About 5,000 non-citizens enlist for active duty each year. A 2011 consultant's report for the U.S. Navy stated that about 4 percent of the military services are non-citizens. The report concluded that non-citizens are a valuable recruiting resource because of their large numbers, their useful language skills and the smaller likelihood they will leave the armed services quickly.
In 2002, Bush signed an executive order to expedite naturalization of military members. Since then, the United States has naturalized about 93,100 members of the military. (Steve Blando, a spokesman for U.S. Citizenship and Immigration Services, the federal agency that handles naturalization, told PolitiFact that all of the military members who were naturalized were lawful permanent residents -- that is, "green card" holders -- prior to becoming citizens.)
West said that Obama "ordered our military to enlist illegal aliens."
He's right that Obama's decision to allow certain illegal immigrants to apply for temporary status under DACA then enabled the military to announce that those people could apply for the MAVNI program. However, West's analysis exaggerates what's going on.
The program in question was initiated by Bush in 2008, before Obama was president. In addition, contrary to West's sweeping suggestion, experts say it's doubtful that many undocumented immigrants would be brought into the military. And Obama didn't order the military to take illegal aliens but rather made it an option.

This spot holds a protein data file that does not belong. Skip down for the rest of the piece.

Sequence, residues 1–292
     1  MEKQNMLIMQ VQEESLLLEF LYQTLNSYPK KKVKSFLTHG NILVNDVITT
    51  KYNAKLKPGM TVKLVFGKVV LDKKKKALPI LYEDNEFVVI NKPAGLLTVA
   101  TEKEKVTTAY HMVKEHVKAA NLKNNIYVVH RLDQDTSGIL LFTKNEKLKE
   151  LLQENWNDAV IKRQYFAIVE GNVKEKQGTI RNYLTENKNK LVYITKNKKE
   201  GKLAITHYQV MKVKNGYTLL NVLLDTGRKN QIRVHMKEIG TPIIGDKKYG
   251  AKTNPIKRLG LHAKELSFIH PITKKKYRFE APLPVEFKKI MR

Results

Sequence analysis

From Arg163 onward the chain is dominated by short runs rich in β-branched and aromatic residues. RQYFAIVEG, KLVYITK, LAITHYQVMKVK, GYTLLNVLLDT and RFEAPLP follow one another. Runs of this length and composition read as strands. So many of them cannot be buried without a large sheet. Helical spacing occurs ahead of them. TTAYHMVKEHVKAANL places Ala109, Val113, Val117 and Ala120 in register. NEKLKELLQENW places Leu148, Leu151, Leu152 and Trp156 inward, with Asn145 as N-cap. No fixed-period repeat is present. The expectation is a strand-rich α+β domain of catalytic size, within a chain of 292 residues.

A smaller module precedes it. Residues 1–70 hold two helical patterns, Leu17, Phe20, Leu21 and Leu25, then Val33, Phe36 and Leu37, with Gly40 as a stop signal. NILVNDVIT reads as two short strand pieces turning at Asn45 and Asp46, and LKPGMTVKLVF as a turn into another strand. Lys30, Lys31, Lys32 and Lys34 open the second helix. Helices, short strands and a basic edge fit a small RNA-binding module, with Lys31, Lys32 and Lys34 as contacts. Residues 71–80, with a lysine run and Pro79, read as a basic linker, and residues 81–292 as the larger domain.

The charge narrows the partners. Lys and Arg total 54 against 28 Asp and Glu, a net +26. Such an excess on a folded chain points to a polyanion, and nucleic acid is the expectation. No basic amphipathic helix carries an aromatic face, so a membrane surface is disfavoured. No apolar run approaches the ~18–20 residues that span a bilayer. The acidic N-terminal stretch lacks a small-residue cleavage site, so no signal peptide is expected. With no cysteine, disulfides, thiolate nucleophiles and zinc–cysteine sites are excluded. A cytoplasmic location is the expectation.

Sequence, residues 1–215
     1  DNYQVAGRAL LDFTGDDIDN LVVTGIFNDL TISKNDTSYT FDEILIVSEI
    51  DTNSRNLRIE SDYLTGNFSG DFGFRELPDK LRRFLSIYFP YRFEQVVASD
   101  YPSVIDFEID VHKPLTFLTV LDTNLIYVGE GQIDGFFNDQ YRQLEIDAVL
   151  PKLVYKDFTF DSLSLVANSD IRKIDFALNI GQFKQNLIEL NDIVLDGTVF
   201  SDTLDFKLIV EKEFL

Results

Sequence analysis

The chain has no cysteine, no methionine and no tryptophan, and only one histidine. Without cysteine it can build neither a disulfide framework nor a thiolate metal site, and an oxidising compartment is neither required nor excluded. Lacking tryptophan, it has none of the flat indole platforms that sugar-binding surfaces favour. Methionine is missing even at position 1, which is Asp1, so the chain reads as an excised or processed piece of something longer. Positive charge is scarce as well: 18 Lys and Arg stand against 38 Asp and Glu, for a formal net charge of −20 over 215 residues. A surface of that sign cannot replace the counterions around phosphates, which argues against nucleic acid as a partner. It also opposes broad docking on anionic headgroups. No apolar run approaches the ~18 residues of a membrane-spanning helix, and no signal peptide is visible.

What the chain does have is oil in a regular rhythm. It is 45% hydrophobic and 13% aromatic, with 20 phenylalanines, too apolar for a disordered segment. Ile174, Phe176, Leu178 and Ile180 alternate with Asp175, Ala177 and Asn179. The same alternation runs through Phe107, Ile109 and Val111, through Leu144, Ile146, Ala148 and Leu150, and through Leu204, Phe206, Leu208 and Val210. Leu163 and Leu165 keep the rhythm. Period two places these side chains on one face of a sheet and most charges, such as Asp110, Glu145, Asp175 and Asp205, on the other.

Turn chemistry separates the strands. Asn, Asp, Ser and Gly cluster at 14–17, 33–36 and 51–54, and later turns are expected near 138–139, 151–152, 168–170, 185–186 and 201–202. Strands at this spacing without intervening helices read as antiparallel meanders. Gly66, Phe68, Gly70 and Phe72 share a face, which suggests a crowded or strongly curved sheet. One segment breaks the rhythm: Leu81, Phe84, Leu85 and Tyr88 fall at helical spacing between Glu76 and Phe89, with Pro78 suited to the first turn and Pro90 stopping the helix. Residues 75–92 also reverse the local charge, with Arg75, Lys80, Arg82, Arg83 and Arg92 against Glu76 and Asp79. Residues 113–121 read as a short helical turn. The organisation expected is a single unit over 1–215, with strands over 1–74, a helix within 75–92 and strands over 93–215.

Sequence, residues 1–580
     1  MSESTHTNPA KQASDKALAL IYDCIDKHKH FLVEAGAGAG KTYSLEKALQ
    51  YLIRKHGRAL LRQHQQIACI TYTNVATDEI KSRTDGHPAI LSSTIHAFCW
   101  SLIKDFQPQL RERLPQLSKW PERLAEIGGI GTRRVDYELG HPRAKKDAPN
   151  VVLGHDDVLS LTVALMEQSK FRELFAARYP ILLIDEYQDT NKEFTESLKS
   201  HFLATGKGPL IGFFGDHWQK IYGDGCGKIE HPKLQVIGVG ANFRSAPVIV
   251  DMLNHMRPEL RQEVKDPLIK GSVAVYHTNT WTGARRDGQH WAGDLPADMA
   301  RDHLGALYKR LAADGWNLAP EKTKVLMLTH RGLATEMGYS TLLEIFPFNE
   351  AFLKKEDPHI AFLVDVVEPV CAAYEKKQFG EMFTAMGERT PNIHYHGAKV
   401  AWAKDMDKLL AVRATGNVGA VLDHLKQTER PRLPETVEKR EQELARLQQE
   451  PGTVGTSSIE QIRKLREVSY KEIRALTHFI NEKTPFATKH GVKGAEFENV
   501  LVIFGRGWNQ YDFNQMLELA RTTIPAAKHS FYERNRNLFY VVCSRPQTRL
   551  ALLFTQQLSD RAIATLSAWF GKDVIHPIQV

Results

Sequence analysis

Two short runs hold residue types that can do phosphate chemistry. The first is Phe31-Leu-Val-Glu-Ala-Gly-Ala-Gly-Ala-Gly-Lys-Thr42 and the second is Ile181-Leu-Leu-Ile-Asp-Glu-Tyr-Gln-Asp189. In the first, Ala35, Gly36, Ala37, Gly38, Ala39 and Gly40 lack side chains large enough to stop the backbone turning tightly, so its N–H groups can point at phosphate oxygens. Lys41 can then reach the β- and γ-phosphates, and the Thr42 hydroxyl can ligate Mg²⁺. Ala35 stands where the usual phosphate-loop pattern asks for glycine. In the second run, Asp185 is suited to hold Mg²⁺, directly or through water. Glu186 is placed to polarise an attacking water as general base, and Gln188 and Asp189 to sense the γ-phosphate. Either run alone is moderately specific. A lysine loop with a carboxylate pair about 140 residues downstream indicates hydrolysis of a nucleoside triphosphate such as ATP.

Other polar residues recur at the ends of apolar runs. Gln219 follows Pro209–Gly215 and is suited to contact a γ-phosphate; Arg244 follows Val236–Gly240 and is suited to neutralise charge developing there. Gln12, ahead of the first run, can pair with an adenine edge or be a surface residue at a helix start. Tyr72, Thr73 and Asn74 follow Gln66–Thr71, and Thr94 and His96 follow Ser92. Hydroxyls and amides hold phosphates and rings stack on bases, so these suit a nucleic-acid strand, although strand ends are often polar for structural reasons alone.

The statement contains an element of truth but ignores critical facts that would give a different impression, so we rate it Mostly False.
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About this statement:
Published: Thursday, October 2nd, 2014 at 5:23 p.m.
Researched by: Amy Sherman
Edited by: Louis Jacobson
Subjects: Immigration, Military
Former U.S. Rep. Allen West's Facebook, Post about illegal immigrants in military, Sept. 26, 2014
U.S. Department of Defense, Memo about MAVNI program, Sept. 26, 2014
U.S. Department of Defense fact sheet, Military Accessions Vital to the National Interest (MAVNI) Recruitment Program, May 2012
CNA, "Non-citizens in the enlisted U.S. Military," November 2011
Fox News, "DoD planning to let illegal immigrants enlist," Sept. 26, 2014
The Blaze, "GOP senator says Obama favoring illegals over Americans for military service," Sept. 26, 2014
Redstate, "Obama poised to allow illegal aliens to enlist in the armed forces," May 20, 2014
BizPac Review, "Under the radar: Obama signed executive order allowing illegals to serve in the US military," Sept. 26, 2014
Snopes, "Foreign legions," Sept. 26, 2014
Vox, "The problem with Obama's new plan to let unauthorized immigrants serve in the military," Sept. 29, 2014
New York Times, "Military path opened for young immigrants," Sept. 25, 2014
Interview, Michele Hickford, spokeswoman for former U.S. Rep. Allen West, Sept. 29, 2014
Interview, Ashley Rosenberg, volunteer for former U.S. Rep. Allen West's communications director, Sept. 29, 2014
Interview, Marc Rosenblum, deputy director Migration Policy Institute, Sept. 29, 2014
Interview, Department of Defense Lt. Cmdr. Nathan Christensen, Sept. 29, 2014
Interview, Margaret Stock, immigration lawyer who helped create MAVNI program while in Army, Sept. 29, 2014
Interview, Lance Janda, chair of the Department of history and government at Cameron University, Sept. 29, 2014
Interview, Steve Blando, spokesman for U.S. Citizenship and Immigration Services, Sept. 29, 2014